Pentagon to Use Facebook, Twitter in Cyber-Warfare

Pentagon to Use Facebook, Twitter in Cyber-Warfare

The Pentagon aims to use social networking as a resource and source of information in future conflicts, yet another way the government is developing technology in cyber-warfare.

Military officials and contractors today discussed goals for using social media for military defense, including using messaging to identify, detect, recognize and even send counter-messaging that would thwart enemy plans. The Pentagon’s Defense Advanced Research Projects Agency, or DARPA, has already sent a proposal to several contractors, which promises up to $42 million in funding for any plans that will help it meet its social media goals.

DARPA said companies seeking government funding should submit proposals for plans to employ linguistic cues, determine information flow patterns, analyze topic trends and gather potential dissidents’ opinions by tracking them online, which may help the military pinpoint potential problem spots in the world.

The military has already used social networks to shape action, said DARPA. In its solicitation, DARPA said the military foiled a high-tech lynching, when authorities monitoring social media learned rumors about the location of a suspect.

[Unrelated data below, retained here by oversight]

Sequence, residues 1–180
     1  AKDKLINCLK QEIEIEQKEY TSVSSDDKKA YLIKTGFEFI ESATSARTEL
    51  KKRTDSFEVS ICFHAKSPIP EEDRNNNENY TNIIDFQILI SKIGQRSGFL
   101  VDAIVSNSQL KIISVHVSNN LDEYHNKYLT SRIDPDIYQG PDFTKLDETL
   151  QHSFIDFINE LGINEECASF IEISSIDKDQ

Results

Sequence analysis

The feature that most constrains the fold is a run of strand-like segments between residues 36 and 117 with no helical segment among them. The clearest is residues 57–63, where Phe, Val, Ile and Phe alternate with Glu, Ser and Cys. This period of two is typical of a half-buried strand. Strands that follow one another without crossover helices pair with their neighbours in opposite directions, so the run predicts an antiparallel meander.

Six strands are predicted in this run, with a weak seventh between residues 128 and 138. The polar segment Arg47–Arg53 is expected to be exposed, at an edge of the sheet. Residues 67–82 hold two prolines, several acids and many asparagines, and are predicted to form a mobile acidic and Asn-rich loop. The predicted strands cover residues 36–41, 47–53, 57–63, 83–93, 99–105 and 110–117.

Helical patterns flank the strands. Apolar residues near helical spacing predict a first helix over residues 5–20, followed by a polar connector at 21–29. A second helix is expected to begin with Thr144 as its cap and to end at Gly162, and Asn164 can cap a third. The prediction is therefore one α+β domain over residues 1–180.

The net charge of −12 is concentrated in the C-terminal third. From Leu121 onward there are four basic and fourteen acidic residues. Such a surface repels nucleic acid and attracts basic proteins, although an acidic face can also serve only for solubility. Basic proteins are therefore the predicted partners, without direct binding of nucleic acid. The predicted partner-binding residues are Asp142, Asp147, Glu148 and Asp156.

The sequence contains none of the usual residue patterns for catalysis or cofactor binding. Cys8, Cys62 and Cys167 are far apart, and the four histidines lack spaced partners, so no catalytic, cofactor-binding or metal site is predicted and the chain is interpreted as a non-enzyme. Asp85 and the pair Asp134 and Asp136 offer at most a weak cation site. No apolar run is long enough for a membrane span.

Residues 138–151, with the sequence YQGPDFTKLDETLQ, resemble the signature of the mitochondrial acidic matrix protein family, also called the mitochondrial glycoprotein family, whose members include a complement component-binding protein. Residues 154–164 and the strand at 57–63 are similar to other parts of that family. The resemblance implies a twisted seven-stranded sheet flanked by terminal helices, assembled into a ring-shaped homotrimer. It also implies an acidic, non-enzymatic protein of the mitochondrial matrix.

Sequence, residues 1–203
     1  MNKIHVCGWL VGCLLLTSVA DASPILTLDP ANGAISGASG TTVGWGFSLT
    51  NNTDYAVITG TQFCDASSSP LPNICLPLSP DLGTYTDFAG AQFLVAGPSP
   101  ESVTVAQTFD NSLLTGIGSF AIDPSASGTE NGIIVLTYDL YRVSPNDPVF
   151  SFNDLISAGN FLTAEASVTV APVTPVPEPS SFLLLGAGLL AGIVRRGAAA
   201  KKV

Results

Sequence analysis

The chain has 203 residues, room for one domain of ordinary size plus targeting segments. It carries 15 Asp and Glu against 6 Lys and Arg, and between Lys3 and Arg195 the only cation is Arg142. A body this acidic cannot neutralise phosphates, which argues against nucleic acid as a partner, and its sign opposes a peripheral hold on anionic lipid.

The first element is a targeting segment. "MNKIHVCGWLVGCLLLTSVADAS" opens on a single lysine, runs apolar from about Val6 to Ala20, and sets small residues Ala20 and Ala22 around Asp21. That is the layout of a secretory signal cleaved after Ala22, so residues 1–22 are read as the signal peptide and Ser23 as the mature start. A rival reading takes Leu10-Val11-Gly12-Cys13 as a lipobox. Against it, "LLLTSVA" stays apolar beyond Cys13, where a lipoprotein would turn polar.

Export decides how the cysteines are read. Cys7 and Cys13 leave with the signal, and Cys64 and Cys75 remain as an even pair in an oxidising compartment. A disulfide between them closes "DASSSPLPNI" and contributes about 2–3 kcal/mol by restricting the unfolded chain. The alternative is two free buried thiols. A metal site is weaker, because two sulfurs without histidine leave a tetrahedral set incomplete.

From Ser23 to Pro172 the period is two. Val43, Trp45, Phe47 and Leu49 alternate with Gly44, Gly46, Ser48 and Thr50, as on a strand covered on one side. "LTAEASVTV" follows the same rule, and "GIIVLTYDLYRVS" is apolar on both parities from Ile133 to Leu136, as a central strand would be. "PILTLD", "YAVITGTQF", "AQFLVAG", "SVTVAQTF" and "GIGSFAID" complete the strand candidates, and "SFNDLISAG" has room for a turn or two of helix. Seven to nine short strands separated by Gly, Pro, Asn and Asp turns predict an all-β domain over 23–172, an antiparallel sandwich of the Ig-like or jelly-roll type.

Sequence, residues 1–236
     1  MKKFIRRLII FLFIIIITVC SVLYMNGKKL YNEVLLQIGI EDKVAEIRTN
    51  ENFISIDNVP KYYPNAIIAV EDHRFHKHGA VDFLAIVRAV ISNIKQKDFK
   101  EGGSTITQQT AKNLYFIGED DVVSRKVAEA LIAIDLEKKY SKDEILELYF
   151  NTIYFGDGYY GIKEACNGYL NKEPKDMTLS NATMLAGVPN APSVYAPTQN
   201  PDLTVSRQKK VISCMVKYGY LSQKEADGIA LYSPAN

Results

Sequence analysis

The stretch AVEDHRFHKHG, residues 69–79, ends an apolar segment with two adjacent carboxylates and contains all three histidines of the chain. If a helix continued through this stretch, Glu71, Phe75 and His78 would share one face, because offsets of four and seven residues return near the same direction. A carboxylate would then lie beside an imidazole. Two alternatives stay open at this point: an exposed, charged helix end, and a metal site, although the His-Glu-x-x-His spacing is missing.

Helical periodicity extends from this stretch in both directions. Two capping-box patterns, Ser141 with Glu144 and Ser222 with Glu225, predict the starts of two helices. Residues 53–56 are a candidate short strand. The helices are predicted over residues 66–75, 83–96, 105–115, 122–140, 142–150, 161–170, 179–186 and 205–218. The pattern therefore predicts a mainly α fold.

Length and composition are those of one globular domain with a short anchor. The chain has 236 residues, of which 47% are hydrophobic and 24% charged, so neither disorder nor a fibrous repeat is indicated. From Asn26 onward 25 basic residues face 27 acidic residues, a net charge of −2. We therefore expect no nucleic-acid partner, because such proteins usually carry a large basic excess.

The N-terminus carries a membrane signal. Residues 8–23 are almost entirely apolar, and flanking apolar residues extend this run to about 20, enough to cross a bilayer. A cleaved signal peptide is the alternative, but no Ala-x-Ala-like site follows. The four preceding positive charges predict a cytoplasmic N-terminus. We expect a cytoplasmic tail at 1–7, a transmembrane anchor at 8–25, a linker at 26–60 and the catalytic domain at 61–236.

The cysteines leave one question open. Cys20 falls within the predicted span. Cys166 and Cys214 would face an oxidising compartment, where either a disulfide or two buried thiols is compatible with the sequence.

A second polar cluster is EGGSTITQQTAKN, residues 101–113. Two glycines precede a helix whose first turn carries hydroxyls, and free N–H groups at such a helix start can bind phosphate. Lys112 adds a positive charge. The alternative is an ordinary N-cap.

Authorities monitoring the social networks detected the crisis, sent out messages that dispelled rumors and averted the attack.

DARPA said “luck and unsophisticated manual methods” stopped the attack, not an official, consistent tracking program. It noted the Pentagon is seeking companies to help it automatically search social networking sites so the U.S. military can gain more intelligence about potentially dangerous groups’ actions.

The military is expanding its efforts as social networks have emerged as a key tool in uprisings this year. People used Facebook and Twitter during the Arab Spring to organize their movements and protests in Egypt, Tunisia and other Arab countries as well.

Many Arab countries’ governments ordered Internet and cellular service shut down to cut off dissidents’ communications, showing how much they feared the power of social media sites influencing the uprisings.

The Pentagon’s plans for monitoring social networking may help the military gather information vital when dealing with such upheaval. For example, the military may use developing social media technology to learn whether citizens started a rebellion or whether outside forces wished to take control of a country by inciting its people to protest and riot.

The bidding period for the Pentagon’s proposal is open until late October, which means it may be some time before the military could start friending dissidents on Facebook or re-tweeting them on Twitter. But once the military starts using social networks on a more consistent basis, this practice may influence the ever-changing face of modern warfare.

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